BANGKOK (AP) -- Rising factory output in China and better-than-expected jobs numbers out of the U.S. helped lift Asian stock markets on Monday.
Investors delved into riskier assets a day after China's National Bureau of Statistics reported that factory output increased 10.1 percent from a year earlier, a sign of recovery from an economic slowdown in the world's No. 2 economy.
The followed the release Friday in the U.S. of data that showed employers added 146,000 jobs in November, beating economists' estimates. The unemployment rate also fell to 7.7 percent from 7.9 percent, but that was mainly because more people gave up looking for work.
Japan's Nikkei 225 index rose 0.2 percent to 9,547.10. South Korea's Kospi added 0.2 percent to 1,961.42. Hong Kong's Hang Seng advanced 0.7 percent to 22,342.80 and Australia's S&P/ASX 200 gained 0.3 percent to 4,564.80.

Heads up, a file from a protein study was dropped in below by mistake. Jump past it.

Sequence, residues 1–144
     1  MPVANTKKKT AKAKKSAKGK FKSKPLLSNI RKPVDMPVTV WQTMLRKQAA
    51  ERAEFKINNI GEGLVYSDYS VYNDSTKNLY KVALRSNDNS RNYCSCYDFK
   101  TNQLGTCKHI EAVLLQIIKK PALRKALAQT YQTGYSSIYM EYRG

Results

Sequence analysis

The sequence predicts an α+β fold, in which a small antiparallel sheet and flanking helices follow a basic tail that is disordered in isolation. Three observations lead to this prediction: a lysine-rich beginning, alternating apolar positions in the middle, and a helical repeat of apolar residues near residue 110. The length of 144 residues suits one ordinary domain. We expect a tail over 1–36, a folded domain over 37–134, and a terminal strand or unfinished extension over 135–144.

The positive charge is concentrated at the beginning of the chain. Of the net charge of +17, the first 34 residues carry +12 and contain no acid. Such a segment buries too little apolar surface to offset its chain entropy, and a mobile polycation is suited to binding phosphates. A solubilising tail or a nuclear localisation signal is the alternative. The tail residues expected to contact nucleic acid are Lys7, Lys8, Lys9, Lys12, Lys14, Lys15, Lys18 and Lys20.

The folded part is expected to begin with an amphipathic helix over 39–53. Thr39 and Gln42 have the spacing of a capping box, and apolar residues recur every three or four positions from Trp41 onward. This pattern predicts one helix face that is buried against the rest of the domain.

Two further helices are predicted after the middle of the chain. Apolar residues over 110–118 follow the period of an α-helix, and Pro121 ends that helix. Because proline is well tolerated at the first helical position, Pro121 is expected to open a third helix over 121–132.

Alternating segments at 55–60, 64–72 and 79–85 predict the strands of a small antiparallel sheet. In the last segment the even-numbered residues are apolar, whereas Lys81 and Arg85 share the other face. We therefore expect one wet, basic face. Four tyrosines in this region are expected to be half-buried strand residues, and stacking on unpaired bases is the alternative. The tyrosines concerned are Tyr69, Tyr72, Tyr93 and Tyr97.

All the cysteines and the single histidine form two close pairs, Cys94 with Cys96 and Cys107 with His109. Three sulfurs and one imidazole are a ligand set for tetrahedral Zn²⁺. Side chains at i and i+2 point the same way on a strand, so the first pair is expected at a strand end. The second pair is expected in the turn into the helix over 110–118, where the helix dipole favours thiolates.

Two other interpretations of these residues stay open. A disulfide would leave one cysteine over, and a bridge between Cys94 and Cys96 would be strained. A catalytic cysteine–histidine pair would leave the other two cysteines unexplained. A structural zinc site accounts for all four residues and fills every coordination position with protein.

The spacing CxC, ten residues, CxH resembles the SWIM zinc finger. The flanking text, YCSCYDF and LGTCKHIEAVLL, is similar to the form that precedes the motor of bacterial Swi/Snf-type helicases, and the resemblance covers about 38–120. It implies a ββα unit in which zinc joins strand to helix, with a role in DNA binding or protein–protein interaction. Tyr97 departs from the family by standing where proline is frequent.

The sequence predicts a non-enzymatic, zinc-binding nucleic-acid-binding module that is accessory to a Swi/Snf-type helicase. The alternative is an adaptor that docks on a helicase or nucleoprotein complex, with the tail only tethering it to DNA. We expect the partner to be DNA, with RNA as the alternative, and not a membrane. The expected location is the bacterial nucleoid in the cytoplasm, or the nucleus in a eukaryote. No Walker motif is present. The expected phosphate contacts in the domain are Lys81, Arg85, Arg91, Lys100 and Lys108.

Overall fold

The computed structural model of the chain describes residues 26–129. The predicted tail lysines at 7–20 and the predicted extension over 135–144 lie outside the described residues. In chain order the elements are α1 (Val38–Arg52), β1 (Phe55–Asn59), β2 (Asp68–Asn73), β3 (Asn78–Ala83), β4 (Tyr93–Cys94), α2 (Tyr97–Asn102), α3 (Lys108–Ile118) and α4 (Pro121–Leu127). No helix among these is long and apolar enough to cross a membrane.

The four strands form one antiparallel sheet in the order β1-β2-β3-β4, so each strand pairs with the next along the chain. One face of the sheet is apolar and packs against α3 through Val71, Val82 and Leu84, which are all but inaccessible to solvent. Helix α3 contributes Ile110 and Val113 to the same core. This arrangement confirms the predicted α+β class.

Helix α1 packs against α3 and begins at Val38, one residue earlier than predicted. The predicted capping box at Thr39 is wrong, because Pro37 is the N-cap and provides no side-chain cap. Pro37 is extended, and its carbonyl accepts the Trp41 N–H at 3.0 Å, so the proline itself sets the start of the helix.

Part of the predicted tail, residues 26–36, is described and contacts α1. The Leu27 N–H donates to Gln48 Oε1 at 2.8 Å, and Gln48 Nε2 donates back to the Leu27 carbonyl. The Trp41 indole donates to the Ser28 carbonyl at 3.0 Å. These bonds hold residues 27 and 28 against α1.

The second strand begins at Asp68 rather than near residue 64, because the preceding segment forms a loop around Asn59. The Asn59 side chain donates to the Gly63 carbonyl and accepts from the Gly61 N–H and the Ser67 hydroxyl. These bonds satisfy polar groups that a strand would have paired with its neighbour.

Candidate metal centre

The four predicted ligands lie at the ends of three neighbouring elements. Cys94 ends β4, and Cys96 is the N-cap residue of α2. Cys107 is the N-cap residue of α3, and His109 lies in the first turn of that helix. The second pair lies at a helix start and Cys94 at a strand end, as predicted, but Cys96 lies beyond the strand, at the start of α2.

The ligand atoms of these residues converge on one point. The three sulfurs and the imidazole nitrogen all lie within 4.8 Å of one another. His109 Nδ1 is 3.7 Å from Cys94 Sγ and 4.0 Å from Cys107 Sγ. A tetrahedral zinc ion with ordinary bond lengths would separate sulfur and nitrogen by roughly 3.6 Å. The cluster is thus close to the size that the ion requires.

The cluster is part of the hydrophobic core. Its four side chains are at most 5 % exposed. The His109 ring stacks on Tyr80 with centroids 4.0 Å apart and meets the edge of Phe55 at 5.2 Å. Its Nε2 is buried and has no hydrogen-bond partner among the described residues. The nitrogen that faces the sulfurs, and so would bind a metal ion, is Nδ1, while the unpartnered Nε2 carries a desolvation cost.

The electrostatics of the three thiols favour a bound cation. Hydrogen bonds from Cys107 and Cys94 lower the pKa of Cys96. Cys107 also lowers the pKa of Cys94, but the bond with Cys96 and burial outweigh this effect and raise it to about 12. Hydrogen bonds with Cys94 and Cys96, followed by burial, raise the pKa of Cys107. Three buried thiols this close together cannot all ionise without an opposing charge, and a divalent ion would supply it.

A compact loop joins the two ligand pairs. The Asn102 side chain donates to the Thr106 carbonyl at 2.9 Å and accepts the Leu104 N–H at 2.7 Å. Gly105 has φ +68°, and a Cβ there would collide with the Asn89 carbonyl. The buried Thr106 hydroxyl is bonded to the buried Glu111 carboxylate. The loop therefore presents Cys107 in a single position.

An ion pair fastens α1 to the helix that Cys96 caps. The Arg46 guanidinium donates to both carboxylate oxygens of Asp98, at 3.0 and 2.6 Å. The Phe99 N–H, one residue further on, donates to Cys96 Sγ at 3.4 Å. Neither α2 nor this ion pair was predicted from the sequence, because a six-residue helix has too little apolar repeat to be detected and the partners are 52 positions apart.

Budget negotiations are continuing between the White House and the U.S. Congress in order to reach a deal before the economy hits a "fiscal cliff" -- a series of sharp government spending cuts and the expiration of tax cuts that begin to kick in Jan. 1 and could cause a recession.
President Barack Obama and Republican House Speaker John Boehner met Sunday to discuss the budget. No details were released, but there was speculation that Republicans were getting close to granting a key concession -- Obama's demand for higher taxes on the wealthiest Americans to help reduce the budget deficit.
"Talks between the administration and senior Republicans will continue this week but it appears that some senior Republicans are willing to give up their objections to tax hikes on the very wealthy," said analysts at Credit Agricole CIB in Hong Kong.
Benchmark oil for January delivery rose 28 cents to $86.22 per barrel in electronic trading on the New York Mercantile Exchange. The contract fell 33 cents to finish at $85.93 per barrel on the Nymex on Friday.
In currencies, the euro fell to $1.2915 from $1.2926 in New York on Friday. The dollar rose to 82.46 yen from 82.40 yen.
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